In the US, as in the UK and Spain, a resurgent left has been blocked from gaining control of the levers of state by the presumed-dead establishment of a center-left party. After winning millions of votes in the primary, the left can claim a portion of the mandate granted to Joe Biden by a record 75,000,000 voters in the general election. But the Democratic establishment’s successful (albeit late) counter-insurgency campaign against Bernie Sanders effectively means the left enters into government as the junior partner with neoliberals.
Rather than look at our current position as a refutation of the left’s push into electoral politics, it should be considered a beachhead to continue the battle of taking over the Democratic Party from the left. Justice Democrats and Sunrise efforts to elect new members of Congress have been wildly successful: Cori Bush, Jamaal Bowman, Marie Newman and Mondaire Jones have been added to the Squad, though reinforcements are needed. The Congressional Progressive Caucus is undergoing a transformation that could make it into a much more robust source of power.
The left is also winning the battle for popular opinion on issue after issue. Neoliberals hold onto the presidency, the majority of Congress and the key positions of power within the Democratic Party. But they have no ideas capable of addressing the scale of the crises generated by Covid-19: millions of Americans are out of work, on the brink of homelessness or going hungry, or at risk of falling ill without healthcare. Historic rates of federal spending are necessary in the short term to get people back to work, and in the long run to shift to a sustainable energy economy.
With Biden in the White House, the left now has abundant opportunities to propose solutions bigger than the means-tested, privately run programs of the president-elect has proposed. The establishment will fight to water down our ideas, and attempt to take the credit when they pass, but it will be clear to voters whose vision of society is capable of improving people’s lives. Like Podemos in Spain, we must simultaneously propose an alternative to neoliberals and work with them to show we’re capable of governance.
In a House of Representatives with a shrunken Democratic majority, progressive members of Congress could form a voting bloc that negotiates with House leadership to ensure our priorities make it through Congress. Only once we’re capable of saying to “no” as a bloc will we get to “yes” from the administration.
However, a GOP-held Senate means the white supremacist plurality has an effective veto over federal policy, and dooms most progressive priorities to Mitch McConnell’s legislative graveyard. It is possible Democrats end up winning both run-offs in Georgia, in which case we will be able to get legislative business done. But if not, the left – and Democrats as a whole – will have to work primarily through the executive branch. The possibility of protracted gridlock amidst economic and medical crises vastly increases the likelihood of an ongoing constitutional crisis.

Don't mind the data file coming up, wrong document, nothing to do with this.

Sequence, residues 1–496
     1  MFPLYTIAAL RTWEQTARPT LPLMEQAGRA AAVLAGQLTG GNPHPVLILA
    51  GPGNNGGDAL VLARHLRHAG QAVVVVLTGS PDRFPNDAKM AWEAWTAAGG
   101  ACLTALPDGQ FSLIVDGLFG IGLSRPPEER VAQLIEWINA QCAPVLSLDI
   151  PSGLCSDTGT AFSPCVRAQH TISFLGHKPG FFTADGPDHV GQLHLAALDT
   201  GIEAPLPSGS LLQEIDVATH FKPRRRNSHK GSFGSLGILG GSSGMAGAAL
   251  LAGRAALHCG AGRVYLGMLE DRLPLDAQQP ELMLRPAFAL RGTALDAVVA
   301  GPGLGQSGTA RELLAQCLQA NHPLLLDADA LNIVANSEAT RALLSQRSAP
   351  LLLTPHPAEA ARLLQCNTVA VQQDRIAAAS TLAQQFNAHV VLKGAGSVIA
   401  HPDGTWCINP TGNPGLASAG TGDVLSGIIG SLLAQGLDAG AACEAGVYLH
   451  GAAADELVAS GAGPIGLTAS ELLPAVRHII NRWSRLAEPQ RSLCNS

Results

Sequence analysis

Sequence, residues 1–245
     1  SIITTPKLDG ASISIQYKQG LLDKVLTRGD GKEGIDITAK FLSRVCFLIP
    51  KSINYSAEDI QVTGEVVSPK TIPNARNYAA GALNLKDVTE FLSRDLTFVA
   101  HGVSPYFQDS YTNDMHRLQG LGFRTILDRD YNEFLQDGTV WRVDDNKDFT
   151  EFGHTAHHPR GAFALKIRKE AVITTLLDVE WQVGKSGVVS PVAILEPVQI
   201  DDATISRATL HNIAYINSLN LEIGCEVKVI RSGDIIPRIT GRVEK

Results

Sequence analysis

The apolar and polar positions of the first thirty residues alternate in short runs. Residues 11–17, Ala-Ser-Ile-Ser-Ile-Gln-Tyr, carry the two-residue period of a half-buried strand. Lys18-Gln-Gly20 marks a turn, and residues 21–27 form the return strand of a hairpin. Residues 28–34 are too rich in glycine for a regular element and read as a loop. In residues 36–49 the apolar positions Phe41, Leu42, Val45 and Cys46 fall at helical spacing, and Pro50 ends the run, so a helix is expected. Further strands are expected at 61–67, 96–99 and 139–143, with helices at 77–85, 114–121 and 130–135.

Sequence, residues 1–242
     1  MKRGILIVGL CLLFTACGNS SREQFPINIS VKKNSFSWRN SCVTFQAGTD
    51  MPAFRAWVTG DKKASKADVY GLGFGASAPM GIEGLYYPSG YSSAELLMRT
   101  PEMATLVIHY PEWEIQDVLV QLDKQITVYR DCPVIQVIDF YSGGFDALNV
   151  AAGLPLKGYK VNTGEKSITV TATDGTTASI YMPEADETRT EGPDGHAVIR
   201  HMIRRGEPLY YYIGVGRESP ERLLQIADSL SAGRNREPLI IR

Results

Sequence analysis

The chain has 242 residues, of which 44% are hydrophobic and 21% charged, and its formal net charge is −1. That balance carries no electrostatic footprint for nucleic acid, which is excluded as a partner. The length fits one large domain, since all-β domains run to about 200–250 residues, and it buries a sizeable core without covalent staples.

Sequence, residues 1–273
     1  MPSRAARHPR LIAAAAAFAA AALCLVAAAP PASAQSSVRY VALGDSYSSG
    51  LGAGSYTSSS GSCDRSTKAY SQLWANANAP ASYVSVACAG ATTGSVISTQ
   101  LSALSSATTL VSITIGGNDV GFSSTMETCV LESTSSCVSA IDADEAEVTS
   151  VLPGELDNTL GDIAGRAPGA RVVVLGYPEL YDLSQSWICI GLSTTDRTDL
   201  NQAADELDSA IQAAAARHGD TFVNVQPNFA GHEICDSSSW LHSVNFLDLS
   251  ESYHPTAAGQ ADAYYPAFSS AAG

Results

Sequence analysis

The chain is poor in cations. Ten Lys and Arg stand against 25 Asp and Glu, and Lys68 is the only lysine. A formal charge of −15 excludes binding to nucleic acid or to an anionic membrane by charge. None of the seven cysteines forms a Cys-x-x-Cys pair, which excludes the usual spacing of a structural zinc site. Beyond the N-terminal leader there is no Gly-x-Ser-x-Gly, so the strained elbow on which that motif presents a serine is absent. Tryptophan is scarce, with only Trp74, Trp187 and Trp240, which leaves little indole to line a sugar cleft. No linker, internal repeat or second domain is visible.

That’s why the left must also push for a new political system. It’s a sad fact that America has not completed the process of building a democracy for all its citizens. The left needs to wage war on the anti-democratic aspects of the constitution that make it impossible for the popular will to become law. The current proposals on offer for democratic reform – adding states to the Senate, reforming or expanding the Supreme Court, or instituting public funding of elections – are the equivalent of Obamacare: meaningful reforms in the right direction, but vastly short of what’s needed.
The left should be proposing reforms that would make it possible for America’s increasingly progressive majority to govern: abolishing the Senate, electoral college and first-past-the-post single-member districts that create the two-party system. While these procedural reforms can feel a bit less sexy than big-ticket items like Medicare for All and the Green New Deal, we will only be able to achieve our movement’s goals if we create a new political system that’s not the result of compromises with slaveholders. We should be thinking about what it would take to rewrite the constitution in the early 2030s, so we can have a government that represents the interests of working people.
These next two years will be the opening battles in a decade-long war to take control of the government and construct a new common sense that sees public programs as the solution to private problems. We need dozens more AOCs, Ilhan Omars and Cori Bushes to lead the way. For that to be possible, we need more leftist campaign operatives, labour unions and candidates. Like the New Right following Richard Goldwater’s defeat in 1964, leftists should gird ourselves for a decade of institution-building, coalition-forming and majority-creating.
Max Berger is a co-founder of the Momentum Trainings, a social movement training institute that helped launch the Sunrise Movement, and IfNotNow, a Jewish-American movement to end our community’s support for the occupation of Palestine. He’s worked for the Working Families Party, Justice Democrats and Elizabeth Warren’s presidential campaign.